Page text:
Based on individual demographic data, the demographic variance cd can be estimated from data on individual variation among females in their fitness contributions to the following generations. The total contribution of a female i in year t (R ) is the 'number of female offspring born during the year that survive for at least 1 year' plus 1 if the female survives to the next year. The demographic variance can then be estimated as the weighted mean across years of

where R is the mean contribution of the females, a is the number of recorded contributions in year t, and E denotes the expectation. We can further partition a\ into components due to variation in fecundity, survival, and interaction between fecundity and survival. Writing B for the number of offspring produced, I = 1 if the mother survives and I = 0 if she dies, the demographic variance is the mean over years of the within-year variance of R = B +1. This can be split into its components var(R) = var(B) + var(I) + 2cov(B, I) that can be estimated separately by simple sum of squares. In long-lived species,

stochastic variation in age structure constitutes an important component of demographic stochasticity and for species with a mean age of maturity older than 3 years we must base our estimates on contributions (Bj, j) for the different age classes i in year t. We then calculate the demographic stochasticity from the projection matrix and separate this into components that are generated by demographic stochasticity in each vital rate.

It is obvious that such detailed demographic data are rarely available. However, in birds we can compute demographic variance of several species and relate the estimates to the position of the species along the 'slow-fast' continuum of life-history variation. According to one hypothesis, ad is expected to increase with adult survival rate (and hence to decrease with clutch size) because very few offspring recruit in short-lived species with a high first-year mortality. Alternatively, ad can be expected to decrease with adult survival rate because life-history constraints (small reproductive rates, high life expectancy) generate small variability in fitness among individuals in long-lived species.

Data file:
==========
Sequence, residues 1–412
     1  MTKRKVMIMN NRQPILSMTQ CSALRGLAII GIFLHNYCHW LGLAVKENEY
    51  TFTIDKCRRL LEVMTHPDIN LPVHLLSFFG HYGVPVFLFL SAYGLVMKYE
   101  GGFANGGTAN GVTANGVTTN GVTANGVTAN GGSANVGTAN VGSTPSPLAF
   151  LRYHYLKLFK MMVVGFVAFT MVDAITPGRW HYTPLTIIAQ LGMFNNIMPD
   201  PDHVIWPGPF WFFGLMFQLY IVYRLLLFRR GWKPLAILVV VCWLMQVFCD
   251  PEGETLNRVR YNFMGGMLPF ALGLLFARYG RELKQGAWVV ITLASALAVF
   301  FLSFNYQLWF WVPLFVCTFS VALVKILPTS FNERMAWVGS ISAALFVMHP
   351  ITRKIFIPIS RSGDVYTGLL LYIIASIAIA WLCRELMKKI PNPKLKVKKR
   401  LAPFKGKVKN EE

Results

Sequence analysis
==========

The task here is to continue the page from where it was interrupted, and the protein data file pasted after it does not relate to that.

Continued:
In birds, the two components of the demographic variance due to stochastic variation in fecundity and survival were positively correlated. As expected from this relationship, interspecific differences in demographic variance were closely related to the size of both the fecundity component and the survival component. Interspecific differences in demographic stochasticity were well explained by life-history variation. Larger values of ad were found in species at the fast end of the avian life-history continuum, that is, in species with large clutch sizes (Figure 3a), short life expectancy (Figure 3b), early age at maturity, (Figure 3 c) and short generation times (Figure 3d). This supports the hypothesis that the level of demographic stochasticity in avian population dynamics is subject to life-history constraints on the possible range of variation in fecundity or survival, resulting in small values of ad in long-lived species with small reproductive rates.

A General Definition of Density Dependence of Age-Structured Populations

To analyze the effects of density dependence on the population dynamics, let us first consider a simplified life history in which individuals mature at age 1 year with adults having age-independent fecundity and survival. We can then write the dynamics N(t) = A[N(t- 1)]N(t- 1),

Figure 3 The mean value across bird species of the demographic (c) age at maturity, and (d) generation time T.

Age at maturity

Figure 3 The mean value across bird species of the demographic (c) age at maturity, and (d) generation time T.

where N(t) is the population size in year t and A[N(t- 1)] is the density-dependent finite rate of increase. The strength of density dependence 7 in such a model can be defined as the negative elasticity of the population growth rate A with respect to changes in population size N, evaluated at the carrying capacity K: 7 = - (0lnA/0lnN)K. This approach can be extended to an age-structured density-dependent life history in which the total density dependence in the life history, D, should be defined as the negative elasticity of the population growth rate per generation, AT, with respect to the change in the size of the adult population when fluctuating around the carrying capacity, so that

where T is the generation time. Thus, the annual rate of return to equilibrium then becomes 7 = D/T.

Was this article helpful?

Get All The Support And Guidance You Need To Be A Success At Helping Save The Earth. This Book Is One Of The Most Valuable Resources In The World When It Comes To How To Recycle to Create a Better Future for Our Children.

## Post a comment